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    Rubia cordifolia Linn. has medicinal properties
    By Ashwani Kumar | December 5th 2009 06:42 PM | 1 comment | Print | E-mail | Track Comments
    About Ashwani

    Professor Emeritus ,Former Head of the Department of Botany, and Director Life Sciences, University of Rajasthan, Jaipur. 302004, India At present...

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    Scientific Name Rubia cordifolia Linn. Family Rubiaceae Used Part Root. Distribution Area A, prickly creeper or climber, common throughout India , ascending to an altitude of 3,750 m. Common Uses . The Indian madder of commerce consists of short rootstocks with numerous cylindrical, smooth and straight roots, about the size of a quill. These are covered with a thin, brownish cork, which peels off in flakes, exposing a red-brown bark marked by longitudinal furrows. The root is sweetish, followed by acrid and hitter taste. The plant is a constituent of many ayurvedic drugs like, septilin, rumalaya and herbinol. Roots are credited with tonic, astringent, antidysenteric, antiseptic, and deobstruent properties. They are used in rheumatism and form an ingredient of several Ayurvedic preparations. Roots are said to be active against taphylococcus aureus and are made into a paste for application into ulcers, inflammations and skin troubles. It is reported that after oral administration of the root decoction, the urine and bones of the patient show a red tinge. Roots are used also for colouring medicinal oils. A decoction of leaves and stems is used as a vermifuge. Extract of R. cordifolia enters into the drug, Septilin, which is employed in the treatment of rhinosinal infections. Similar crude drugs Majitho(Indian Madder) from Rubia majith Roxb. ex Fleming. A variety, R. cordifolia var. khasiana Watt, commonly found throughout Assam and Manipur and extending westward to Nepal is reported to be far richer in the dye than either R. cordifolia or R. sikkimensis.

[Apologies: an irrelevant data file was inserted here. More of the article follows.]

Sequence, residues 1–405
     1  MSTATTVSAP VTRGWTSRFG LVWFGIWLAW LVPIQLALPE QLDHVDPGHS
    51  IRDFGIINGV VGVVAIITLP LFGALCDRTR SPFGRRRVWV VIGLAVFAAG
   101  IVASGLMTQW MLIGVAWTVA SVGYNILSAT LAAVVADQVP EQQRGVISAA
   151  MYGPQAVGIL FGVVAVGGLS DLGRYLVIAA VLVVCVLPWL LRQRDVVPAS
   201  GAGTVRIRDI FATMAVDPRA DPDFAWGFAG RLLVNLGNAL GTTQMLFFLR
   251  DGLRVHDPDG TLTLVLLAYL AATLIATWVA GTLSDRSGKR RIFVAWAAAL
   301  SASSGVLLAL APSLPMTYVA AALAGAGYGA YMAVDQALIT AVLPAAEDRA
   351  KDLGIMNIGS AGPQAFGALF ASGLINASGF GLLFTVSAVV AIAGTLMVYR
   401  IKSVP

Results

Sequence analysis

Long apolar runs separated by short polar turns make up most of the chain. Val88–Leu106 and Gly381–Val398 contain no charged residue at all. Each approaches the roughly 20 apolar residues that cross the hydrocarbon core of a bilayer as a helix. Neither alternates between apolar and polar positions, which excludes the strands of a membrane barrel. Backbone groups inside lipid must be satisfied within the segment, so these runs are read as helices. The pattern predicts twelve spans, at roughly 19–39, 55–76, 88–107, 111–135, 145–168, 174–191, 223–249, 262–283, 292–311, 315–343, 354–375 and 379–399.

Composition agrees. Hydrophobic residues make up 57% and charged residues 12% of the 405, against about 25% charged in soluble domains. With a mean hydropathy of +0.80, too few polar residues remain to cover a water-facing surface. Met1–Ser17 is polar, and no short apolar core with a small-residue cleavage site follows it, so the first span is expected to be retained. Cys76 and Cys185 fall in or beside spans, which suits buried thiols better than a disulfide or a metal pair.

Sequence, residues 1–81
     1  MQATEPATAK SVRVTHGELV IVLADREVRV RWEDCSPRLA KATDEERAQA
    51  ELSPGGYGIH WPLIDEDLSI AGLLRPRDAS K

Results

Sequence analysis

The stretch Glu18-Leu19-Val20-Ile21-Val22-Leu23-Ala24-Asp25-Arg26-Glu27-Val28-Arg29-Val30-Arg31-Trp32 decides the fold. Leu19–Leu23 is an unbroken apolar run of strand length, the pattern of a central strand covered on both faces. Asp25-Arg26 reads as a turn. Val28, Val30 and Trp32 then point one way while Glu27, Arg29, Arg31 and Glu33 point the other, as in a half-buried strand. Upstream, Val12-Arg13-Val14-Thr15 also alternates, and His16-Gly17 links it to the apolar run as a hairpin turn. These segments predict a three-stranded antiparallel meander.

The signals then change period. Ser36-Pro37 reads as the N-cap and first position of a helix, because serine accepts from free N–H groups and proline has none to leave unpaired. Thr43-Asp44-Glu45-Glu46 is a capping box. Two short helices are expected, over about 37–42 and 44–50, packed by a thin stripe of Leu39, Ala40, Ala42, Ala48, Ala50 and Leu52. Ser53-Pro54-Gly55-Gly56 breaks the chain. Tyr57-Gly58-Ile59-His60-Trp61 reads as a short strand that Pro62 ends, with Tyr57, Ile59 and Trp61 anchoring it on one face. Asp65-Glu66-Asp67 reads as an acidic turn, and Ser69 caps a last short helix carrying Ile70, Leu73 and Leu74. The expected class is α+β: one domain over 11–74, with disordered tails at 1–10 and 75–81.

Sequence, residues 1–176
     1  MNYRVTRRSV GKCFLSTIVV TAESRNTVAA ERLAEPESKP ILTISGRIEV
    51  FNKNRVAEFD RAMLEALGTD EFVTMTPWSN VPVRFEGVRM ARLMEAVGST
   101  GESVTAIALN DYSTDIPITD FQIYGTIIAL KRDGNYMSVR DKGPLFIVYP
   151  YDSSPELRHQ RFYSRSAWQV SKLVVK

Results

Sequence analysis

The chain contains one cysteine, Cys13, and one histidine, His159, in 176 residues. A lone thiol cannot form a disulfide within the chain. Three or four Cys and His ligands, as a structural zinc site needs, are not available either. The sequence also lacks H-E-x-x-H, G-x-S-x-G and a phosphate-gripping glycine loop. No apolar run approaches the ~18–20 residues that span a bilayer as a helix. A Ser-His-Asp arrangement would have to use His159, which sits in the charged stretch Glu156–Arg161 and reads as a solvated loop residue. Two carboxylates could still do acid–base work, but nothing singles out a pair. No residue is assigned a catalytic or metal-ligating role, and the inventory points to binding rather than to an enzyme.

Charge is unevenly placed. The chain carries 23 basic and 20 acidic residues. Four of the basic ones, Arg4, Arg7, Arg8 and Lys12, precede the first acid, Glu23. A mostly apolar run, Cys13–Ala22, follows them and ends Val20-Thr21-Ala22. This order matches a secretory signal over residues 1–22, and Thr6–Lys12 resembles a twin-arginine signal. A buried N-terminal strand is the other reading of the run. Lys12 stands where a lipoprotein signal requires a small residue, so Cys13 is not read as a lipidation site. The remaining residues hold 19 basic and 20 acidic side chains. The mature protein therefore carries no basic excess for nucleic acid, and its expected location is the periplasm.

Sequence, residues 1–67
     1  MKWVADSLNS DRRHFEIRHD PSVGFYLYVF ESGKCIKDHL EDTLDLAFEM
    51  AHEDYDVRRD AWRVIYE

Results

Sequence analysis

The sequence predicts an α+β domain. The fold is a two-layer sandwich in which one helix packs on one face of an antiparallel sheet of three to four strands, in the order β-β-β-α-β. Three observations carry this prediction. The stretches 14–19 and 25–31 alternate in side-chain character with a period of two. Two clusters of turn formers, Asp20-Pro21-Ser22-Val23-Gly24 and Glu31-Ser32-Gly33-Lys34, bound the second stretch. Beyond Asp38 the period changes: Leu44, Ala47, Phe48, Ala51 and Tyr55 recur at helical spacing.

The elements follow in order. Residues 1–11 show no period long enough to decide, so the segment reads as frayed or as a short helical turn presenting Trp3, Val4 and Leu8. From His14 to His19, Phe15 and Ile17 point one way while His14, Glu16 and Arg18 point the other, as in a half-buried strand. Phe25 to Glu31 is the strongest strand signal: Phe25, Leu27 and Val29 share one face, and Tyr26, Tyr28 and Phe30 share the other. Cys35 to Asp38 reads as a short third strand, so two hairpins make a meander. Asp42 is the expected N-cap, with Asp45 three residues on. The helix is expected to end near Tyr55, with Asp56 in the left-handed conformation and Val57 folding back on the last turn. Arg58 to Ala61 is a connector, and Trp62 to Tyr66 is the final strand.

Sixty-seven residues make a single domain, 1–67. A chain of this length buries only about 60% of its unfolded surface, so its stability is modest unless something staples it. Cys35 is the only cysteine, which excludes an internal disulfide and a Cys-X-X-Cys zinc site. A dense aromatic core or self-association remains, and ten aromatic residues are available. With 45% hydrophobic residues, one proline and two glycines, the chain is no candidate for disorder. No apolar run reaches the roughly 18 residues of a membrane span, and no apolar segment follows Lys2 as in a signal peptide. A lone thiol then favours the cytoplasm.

Comments

    rholley
    A puzzle here.  The Wikipedia article on Rubia cordifolia shows a picture labelled Rubia tinctorum (below), which makes me wonder how closely related the plants are :



    The double fruit structure is very similar to the very clingy ones of Galium aparine or Goosegrass (shown below), but the latter get onto clothes, pet animals, anything.  That is why it has so many common names.  They have even been called "badger lice" because the badger is a fastidiously clean animal and keeps itself clear of parasites, so perhaps this a compliment to the animal (information from "The Badger" (Penguin Books) by Ernest Neal.)

    —
    Robert H. Olley / Quondam Physics Department / University of Reading / England